We met young folks and old. Months ago, long before the Trail but directly in preparation for it, I found myself talking to a young girl at the register of an Office Depot. At a glance, she was any high school kid working the sort of tedious job high school kid’s work, one of the hundreds of faces you pass in a day assuming you know their story, assuming you are the hero in your own story and the people you pass are extras. Speaking to her, I learned that she was fighting leukemia. It was a good reminder, before this thing even began. There are no extras. Everyone has a story. Everyone is a hero, just in stories we don’t know.
Last night, with our journey freshly complete, I stood in line at the bookstore waiting to order a coffee for the road up to Chicago. An older gentleman saw my t-shirt and, with an immediately infectious grin, came up to me and asked if I had walked the Trail. I told him I had and he shook my hand and gushed “Wow! I thought about doing that, but then I thought, no, at my age that’s prob’ly not such a good idea.” He’s Harold Hoffman, ND ’49, ninety-one years old and spry as all get-out. He gets back to campus once a year, and he wanted to be there to see us come in.
I don’t consider myself someone addicted to the accoutrements of the 21st century, but I’ve certainly engaged in them enough to comment and I can tell you there is no technology which has given me anything like the simple joy of shaking the hand of a ninety-one year old man who timed his yearly pilgrimage to coincide with mine. To welcome me back to the place we both call home.
I’ve learned much over these past two weeks, and probably much more that has yet to bubble to the surface of my thoughts. I’ve had the time to reflect on some life decisions. I’ve had time to consider what it is that I call faith. I’ve had the time to speak to God (yes, I do believe that there is something which is very much greater than I will ever be able to comprehend and which, for simplicity, I will call God) and the space to ask Him questions (again, pronouns for ease of conversation) and the quiet to listen for answers however they may come.
And some have come.
And some are left for me to determine, like the arrows telling me only that I must choose a direction and make of it what I will.
The Rockies ripple along hundreds of miles of soft haze and wildfire smoke below and to my left.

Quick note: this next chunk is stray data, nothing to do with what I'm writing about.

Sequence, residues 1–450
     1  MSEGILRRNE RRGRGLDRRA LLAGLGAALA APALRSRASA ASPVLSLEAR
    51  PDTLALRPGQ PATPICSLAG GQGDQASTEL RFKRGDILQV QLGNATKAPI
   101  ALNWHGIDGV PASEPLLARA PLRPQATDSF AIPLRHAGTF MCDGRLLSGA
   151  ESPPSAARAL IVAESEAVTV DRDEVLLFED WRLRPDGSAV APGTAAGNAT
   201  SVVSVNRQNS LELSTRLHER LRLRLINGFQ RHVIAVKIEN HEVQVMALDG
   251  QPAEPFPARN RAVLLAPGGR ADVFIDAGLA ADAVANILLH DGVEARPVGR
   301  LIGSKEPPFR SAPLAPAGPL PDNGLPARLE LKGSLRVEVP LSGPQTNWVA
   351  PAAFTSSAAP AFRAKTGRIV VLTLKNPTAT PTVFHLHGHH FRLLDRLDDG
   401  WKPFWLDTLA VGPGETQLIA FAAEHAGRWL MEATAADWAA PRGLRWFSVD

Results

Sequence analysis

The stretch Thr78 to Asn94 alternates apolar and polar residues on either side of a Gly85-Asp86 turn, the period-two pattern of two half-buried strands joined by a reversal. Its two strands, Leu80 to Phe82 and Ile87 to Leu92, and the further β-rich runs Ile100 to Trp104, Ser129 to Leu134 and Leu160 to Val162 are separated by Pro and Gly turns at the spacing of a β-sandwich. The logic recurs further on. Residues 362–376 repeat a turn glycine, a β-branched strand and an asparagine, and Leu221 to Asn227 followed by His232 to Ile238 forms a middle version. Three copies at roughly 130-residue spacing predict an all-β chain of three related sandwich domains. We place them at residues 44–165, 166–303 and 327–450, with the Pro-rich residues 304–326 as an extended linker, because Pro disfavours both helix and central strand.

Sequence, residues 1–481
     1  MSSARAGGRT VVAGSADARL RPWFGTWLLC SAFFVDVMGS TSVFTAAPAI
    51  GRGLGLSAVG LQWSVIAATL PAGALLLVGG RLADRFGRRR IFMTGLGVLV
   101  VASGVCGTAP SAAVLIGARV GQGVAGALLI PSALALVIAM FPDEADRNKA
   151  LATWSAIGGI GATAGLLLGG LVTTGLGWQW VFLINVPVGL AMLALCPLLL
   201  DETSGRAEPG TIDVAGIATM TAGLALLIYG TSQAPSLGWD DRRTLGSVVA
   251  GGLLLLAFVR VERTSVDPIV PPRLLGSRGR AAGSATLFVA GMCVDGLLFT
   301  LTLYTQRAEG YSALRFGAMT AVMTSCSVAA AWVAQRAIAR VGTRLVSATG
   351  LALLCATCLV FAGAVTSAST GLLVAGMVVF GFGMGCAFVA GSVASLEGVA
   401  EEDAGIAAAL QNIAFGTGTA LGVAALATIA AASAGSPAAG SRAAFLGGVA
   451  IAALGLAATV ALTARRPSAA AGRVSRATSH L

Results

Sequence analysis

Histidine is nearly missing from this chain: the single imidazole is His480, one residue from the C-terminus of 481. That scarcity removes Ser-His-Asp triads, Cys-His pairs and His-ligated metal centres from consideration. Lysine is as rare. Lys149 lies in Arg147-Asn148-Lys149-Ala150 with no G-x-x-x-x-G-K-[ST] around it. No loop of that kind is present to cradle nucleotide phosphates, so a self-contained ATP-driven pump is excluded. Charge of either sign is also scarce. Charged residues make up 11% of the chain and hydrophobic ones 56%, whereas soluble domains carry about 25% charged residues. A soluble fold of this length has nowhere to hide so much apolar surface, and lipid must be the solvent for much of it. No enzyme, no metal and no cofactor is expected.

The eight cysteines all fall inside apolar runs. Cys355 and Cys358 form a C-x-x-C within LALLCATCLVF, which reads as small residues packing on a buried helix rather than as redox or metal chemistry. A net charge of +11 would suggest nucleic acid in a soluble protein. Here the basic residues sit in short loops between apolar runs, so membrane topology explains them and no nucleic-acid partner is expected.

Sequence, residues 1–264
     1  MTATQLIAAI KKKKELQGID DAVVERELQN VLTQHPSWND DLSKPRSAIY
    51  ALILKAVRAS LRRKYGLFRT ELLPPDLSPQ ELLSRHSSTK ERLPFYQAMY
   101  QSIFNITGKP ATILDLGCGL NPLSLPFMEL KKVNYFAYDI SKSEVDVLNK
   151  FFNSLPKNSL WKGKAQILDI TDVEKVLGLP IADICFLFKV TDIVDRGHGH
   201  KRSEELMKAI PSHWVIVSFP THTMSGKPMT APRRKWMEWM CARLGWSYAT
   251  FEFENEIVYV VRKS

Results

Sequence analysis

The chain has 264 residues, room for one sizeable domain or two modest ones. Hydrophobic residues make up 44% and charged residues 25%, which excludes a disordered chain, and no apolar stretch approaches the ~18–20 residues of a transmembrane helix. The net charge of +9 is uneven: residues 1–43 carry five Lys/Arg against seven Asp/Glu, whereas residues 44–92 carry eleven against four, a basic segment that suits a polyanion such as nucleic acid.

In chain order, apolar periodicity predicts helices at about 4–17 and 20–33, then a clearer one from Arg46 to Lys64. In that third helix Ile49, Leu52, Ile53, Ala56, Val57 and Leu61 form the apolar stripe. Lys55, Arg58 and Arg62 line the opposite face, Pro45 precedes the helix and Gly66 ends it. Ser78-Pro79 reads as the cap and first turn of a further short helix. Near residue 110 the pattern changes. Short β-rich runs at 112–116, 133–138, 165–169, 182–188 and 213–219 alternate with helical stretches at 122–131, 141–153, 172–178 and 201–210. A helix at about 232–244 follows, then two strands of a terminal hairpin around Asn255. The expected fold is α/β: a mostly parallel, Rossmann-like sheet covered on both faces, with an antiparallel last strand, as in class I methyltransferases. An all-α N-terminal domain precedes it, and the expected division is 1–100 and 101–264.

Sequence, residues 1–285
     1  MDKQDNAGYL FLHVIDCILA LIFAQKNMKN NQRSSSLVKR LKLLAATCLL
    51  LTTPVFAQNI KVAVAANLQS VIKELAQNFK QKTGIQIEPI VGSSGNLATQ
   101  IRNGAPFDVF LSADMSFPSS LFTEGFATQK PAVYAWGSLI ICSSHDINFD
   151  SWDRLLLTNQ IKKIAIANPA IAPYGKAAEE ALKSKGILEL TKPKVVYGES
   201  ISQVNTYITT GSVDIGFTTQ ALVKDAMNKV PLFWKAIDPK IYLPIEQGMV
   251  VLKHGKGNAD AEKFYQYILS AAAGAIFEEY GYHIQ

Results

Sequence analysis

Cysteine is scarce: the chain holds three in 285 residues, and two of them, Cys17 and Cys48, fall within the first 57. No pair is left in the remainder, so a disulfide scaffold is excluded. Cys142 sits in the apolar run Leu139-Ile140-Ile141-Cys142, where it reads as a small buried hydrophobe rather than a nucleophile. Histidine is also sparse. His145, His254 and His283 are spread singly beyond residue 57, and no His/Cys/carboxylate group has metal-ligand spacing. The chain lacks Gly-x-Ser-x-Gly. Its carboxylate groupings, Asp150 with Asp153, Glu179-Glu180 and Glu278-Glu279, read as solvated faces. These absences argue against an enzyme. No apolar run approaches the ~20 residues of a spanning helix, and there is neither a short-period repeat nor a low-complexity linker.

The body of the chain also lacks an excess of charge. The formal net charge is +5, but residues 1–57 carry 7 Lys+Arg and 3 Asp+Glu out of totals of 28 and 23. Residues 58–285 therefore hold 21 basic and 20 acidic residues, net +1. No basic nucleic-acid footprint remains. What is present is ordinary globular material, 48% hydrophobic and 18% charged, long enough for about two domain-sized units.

What lessons I have gleaned are my own. They are pertinent to me. Some are what I came to consider. Others pushed themselves on me in the days before departure. Others still showed up unannounced on the Trail itself and took my breath away. They are mine. They are my treasures. What insights I can share with you, I have. But some are not for the public. Some are simple and personal – fundamental adjustments to my compass – subtle changes to the fabric of my person, and thus my perspective, which cannot be told, which can only be lived.
I will say this: Talk to people. And when you do – when you give voice, when you push out sound, when the communication you effect is outward – make it invitational. By which I mean, ask people to talk to you. Look people in the eye and hear their story. Don’t berate how divided we have become and then do nothing to bring us together. Hold open the door of conversation, and listen.
Over Idaho now, and maybe even a red Jeep packed to the zippers of its ragtop with the beginnings of a new life.
I miss the people I have got to know these last two weeks, these mushy titans whom you’d never expect to see cry. The giant bear of a cardiologist and the sharp CEO and the guy from the championship football team. Or the quiet, self-proclaimed proletariat architect or the rarely quiet activist or the woman who nearly backed out in self-doubt just days before we began. The priest, the brother. The two sisters who left us far too early for my liking in order to return to their ministries elsewhere. The other doctor and the surgeon. The seventy-something year old ironman proudly, and the joy of watching him cheering on his seventy-something year old missus when she joined us the final couple days. The administrators from the University whose feet carried their hearts home. The aviator and the student and the quiet firecracker. The husband and wife, never far apart. The writer. The husband, father, and volunteer arborist. The one who fought back. The one whose blessed life of highs has seen more than its fair share of lows and who meets every day with laughter and the powerful love of her family. The one whose heart bubbles genuine praise and blessings like Tinkerbell sprinkling fairy dust. The one who made it his mission to be a pain in my ass and who laughed at each and every one of my jokes. The little one, half my size, who out-walked and out-biked me every day; whose lightness of being is an astonishing tribute to the heaviness of missing.
All these lives.